Of the unimplemented provisions, many are minor, consequential or transitional provisions, for example all of the unimplemented paragraphs in schedule 7 to the Criminal Justice and Courts Services Act 2000. Of the remaining unimplemented provisions there are valid reasons for the delay as is illustrated by the examples set out below:

The majority of unimplemented provisions are contained within the Criminal Justice Act 2003 and relate to sentencing policy including the legal framework for custody plus (Sections 181 and 188 and linked provisions in Sections 280-283 and schedules 10, 11, 26 and 27)-a sentence which allows an offender to serve both a short custodial sentence and then be supervised in the community afterwards. Resource constraints have meant that we have been unable thus far to implement custody plus and there is no prospect of doing so in the near future. However we are keen to explore options to support offenders released from short-term custody. There is already provision for resettlement for offenders released after short custodial sentences, notably through the Home Office's drugs interventions programme partnership with prison teams, and other locally supported schemes.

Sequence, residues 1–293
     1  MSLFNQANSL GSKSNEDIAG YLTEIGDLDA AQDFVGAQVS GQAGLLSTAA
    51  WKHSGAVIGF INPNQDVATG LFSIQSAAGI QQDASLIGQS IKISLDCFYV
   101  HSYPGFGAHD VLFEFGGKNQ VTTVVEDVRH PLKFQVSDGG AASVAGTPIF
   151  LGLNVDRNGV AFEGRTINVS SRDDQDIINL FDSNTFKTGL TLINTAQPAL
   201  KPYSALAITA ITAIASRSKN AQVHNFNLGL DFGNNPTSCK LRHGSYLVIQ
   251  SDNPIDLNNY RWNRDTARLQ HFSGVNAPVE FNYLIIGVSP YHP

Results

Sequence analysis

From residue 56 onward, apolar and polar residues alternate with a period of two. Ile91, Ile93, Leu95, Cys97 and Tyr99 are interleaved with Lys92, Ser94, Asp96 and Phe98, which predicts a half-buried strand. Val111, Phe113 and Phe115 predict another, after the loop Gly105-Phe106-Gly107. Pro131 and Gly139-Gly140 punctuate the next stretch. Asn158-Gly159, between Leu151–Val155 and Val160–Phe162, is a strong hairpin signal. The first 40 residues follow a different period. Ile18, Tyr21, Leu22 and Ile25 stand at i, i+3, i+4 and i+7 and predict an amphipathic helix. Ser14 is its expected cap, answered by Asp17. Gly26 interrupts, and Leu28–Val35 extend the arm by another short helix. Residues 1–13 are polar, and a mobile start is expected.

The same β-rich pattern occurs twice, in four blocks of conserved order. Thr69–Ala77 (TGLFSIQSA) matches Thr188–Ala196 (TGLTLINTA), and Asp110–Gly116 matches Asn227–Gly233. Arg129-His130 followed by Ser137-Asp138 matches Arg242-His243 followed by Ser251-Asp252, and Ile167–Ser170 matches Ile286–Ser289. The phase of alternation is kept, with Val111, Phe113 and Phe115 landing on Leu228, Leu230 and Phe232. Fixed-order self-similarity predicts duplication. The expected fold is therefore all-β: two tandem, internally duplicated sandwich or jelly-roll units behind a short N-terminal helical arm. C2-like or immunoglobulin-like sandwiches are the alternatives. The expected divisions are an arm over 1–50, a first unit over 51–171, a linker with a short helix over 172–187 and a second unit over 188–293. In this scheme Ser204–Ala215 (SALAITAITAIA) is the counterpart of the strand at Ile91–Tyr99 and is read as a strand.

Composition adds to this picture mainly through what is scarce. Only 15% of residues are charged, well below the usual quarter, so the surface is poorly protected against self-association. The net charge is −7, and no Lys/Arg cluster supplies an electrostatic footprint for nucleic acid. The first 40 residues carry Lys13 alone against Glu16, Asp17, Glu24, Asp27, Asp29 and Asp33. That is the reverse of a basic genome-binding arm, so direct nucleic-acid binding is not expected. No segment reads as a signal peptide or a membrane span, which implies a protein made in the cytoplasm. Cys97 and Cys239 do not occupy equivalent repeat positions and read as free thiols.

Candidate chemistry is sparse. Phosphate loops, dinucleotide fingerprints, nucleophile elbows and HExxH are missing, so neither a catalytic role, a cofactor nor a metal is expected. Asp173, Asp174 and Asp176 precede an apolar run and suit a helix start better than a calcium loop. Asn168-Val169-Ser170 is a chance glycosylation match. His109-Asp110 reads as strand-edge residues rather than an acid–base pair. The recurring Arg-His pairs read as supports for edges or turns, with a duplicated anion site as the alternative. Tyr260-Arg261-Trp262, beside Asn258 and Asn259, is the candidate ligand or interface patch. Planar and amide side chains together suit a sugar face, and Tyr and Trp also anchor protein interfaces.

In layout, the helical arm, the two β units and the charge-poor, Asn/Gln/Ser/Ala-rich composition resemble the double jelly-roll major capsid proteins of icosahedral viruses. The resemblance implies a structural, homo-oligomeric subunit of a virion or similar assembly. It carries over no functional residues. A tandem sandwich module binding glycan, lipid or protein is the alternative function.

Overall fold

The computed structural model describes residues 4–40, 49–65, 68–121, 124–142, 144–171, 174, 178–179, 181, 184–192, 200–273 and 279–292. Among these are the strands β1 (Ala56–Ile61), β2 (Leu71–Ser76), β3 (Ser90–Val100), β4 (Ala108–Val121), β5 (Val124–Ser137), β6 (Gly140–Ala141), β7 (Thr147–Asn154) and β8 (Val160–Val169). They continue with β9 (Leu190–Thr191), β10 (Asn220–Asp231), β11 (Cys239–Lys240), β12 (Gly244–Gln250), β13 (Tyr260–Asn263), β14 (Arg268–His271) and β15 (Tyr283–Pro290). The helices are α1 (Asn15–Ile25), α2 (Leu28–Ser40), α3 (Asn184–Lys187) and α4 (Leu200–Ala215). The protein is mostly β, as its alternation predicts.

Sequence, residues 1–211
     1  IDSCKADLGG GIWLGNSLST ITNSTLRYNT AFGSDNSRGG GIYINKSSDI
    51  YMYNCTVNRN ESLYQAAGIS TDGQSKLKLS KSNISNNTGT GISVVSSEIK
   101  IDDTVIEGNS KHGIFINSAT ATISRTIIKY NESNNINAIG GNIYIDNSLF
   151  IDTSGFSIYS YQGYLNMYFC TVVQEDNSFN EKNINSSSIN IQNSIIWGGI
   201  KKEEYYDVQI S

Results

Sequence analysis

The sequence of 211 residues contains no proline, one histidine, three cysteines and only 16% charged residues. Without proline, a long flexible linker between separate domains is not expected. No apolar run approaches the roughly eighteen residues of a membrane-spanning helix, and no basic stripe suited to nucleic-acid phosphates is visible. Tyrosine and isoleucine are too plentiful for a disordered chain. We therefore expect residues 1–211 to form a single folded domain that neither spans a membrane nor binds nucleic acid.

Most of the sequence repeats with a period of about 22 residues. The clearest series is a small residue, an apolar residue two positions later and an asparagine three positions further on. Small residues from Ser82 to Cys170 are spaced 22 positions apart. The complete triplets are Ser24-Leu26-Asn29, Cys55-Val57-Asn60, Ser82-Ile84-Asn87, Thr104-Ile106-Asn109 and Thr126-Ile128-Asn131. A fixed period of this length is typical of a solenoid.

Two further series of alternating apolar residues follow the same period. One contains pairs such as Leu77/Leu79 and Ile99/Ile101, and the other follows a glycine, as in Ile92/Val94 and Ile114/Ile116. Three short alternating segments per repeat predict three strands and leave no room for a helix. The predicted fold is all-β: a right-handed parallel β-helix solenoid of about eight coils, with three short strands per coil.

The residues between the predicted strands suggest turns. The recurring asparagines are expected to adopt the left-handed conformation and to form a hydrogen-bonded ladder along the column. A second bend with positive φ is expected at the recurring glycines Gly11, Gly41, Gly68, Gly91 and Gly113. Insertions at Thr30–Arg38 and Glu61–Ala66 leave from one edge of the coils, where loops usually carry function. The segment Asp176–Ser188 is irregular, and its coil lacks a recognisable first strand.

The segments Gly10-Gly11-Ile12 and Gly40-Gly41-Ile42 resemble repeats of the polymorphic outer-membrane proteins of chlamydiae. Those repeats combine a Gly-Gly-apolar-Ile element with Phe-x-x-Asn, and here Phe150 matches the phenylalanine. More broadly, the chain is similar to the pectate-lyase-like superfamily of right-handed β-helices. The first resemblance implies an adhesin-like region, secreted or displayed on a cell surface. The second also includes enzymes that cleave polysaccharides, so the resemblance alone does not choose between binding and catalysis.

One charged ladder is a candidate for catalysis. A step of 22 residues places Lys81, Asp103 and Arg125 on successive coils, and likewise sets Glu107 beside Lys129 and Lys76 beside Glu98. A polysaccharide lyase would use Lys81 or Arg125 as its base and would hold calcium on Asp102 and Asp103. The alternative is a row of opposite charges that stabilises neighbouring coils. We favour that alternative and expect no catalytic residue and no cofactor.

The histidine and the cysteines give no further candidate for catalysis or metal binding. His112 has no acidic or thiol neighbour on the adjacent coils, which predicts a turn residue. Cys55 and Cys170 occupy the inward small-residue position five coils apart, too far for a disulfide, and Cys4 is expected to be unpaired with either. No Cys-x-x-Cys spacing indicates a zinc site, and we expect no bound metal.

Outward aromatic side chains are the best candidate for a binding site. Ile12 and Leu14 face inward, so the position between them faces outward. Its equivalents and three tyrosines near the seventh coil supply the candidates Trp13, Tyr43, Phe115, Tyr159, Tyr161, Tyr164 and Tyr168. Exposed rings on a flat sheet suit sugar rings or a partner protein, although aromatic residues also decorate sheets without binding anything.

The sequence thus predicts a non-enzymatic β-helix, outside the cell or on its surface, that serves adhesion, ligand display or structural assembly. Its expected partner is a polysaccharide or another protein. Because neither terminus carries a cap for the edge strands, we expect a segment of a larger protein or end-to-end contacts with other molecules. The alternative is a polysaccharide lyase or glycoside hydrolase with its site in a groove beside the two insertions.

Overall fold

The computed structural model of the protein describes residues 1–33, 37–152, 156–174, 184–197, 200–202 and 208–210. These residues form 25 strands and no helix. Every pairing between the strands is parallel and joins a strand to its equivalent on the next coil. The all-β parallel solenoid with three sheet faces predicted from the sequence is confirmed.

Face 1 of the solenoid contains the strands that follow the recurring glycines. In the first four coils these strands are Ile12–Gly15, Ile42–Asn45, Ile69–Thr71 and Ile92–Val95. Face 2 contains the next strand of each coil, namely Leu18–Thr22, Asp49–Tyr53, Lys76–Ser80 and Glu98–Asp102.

The majority of the unimplemented provisions contained within the Domestic Violence, Crime and Victims Act 2004 relate to the appointment of a Commissioner for Victims and Witnesses. A recruitment campaign conducted in 2006 failed to identify a suitable candidate for this role. Changes were made in the Coroners and Justice Act 2009 to reshape the role of the commissioner, reflecting developments in the provision of support and services to victims and witnesses since the 2004 legislation. The Coroners and Justice Act recently received Royal Assent on 12 November and we have now launched the recruitment for a victims' commissioner for which the 2004 Act provisions as amended will be commenced. We intend to commence the provisions in early February and aim to make an appointment soon after.